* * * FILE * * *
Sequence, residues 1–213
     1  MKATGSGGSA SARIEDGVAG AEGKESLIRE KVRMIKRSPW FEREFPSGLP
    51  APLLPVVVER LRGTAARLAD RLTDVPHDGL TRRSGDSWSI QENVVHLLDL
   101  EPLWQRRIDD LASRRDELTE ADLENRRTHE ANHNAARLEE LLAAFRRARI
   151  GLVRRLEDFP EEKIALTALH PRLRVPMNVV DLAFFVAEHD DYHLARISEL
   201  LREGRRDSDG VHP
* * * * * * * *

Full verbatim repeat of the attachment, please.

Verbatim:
Sequence, residues 1–213
     1  MKATGSGGSA SARIEDGVAG AEGKESLIRE KVRMIKRSPW FEREFPSGLP
    51  APLLPVVVER LRGTAARLAD RLTDVPHDGL TRRSGDSWSI QENVVHLLDL
   101  EPLWQRRIDD LASRRDELTE ADLENRRTHE ANHNAARLEE LLAAFRRARI
   151  GLVRRLEDFP EEKIALTALH PRLRVPMNVV DLAFFVAEHD DYHLARISEL
   201  LREGRRDSDG VHP